This paper evaluates the performance of a popular open-source Session Initiation Protocol (SIP) server on three different multicore architectures. We examine the baseline performance and introduce three analysis-driven optimizations that involve increasing the number of slots in hash tables, an in-memory database for user authentication information, and incremental garbage collection for user location information. Wider hash tables reduce the search time and improve multicore scalability by reducing lock contention. The in-memory database reduces interprocess communication and locking. Incremental garbage collection smooths out peaks of both central processing unit and shared memory utilization, eliminating bursts of failed SIP interactions and reducing lock contention on the shared memory segment. Each optimization affects single-core performance and multicore scalability in different ways. The overall result is an improvement in absolute performance on eight cores by a factor of 16 and a doubling of multicore scalability. Results somewhat vary across architectures but follow similar trends, indicating the generality of these optimizations.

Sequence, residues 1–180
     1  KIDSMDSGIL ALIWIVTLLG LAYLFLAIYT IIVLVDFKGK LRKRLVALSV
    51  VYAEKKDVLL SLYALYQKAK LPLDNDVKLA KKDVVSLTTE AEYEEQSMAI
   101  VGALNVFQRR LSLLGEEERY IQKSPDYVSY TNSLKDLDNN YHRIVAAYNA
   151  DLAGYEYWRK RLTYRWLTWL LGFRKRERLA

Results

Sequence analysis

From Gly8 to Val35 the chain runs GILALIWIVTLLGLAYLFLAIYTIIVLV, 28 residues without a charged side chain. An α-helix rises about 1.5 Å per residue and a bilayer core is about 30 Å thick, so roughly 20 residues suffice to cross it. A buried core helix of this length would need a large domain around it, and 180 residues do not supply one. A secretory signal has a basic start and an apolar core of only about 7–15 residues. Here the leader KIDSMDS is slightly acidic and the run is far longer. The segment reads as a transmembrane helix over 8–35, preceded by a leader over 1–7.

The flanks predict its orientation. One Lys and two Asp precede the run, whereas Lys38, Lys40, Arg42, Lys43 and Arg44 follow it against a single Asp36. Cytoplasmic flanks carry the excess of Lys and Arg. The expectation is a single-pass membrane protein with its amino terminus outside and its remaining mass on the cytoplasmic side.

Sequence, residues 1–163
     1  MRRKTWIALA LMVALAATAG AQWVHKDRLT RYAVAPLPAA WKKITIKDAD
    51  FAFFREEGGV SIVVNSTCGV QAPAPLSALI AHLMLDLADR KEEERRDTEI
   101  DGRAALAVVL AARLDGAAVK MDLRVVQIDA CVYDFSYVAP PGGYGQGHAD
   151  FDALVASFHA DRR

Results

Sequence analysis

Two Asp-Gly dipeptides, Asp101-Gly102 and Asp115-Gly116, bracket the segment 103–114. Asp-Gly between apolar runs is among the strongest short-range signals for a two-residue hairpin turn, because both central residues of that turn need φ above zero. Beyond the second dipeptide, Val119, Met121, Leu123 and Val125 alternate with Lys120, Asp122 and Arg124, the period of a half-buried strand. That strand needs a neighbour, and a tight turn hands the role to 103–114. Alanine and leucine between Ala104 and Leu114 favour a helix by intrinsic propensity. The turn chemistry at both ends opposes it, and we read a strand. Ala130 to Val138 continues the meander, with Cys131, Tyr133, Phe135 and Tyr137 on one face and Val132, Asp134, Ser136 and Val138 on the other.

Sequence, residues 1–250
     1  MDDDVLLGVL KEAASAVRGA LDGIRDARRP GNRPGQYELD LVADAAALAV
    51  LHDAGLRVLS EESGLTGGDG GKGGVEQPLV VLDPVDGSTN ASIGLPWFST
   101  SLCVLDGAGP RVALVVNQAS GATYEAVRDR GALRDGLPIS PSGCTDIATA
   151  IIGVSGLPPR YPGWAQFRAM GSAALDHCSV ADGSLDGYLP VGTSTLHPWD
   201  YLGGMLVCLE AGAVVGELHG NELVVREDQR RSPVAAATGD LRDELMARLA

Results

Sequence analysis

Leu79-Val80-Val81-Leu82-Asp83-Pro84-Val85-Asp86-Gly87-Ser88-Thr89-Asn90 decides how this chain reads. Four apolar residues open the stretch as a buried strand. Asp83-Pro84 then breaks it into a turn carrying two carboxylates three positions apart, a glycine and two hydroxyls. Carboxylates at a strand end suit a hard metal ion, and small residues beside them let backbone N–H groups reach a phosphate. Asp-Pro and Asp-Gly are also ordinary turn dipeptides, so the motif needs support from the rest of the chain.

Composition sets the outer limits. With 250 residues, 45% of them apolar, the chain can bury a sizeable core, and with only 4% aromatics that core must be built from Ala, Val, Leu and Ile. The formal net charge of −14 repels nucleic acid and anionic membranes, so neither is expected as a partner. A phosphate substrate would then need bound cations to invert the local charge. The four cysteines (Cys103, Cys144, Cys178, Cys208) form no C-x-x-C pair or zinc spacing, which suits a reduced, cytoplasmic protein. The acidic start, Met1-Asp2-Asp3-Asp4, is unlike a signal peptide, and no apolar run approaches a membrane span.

Note: The Institute of Electrical and Electronics Engineers, Incorporated is distributing this Article with permission of the International Business Machines Corporation (IBM) who is the exclusive owner. The recipient of this Article may not assign, sublicense, lease, rent or otherwise transfer, reproduce, prepare derivative works, publicly display or perform, or distribute the Article.
IBM Journal of Research and Development
- ISSN :
- Date of Current Version :
06 April 2010
- Issue Date :
- Sponsored by :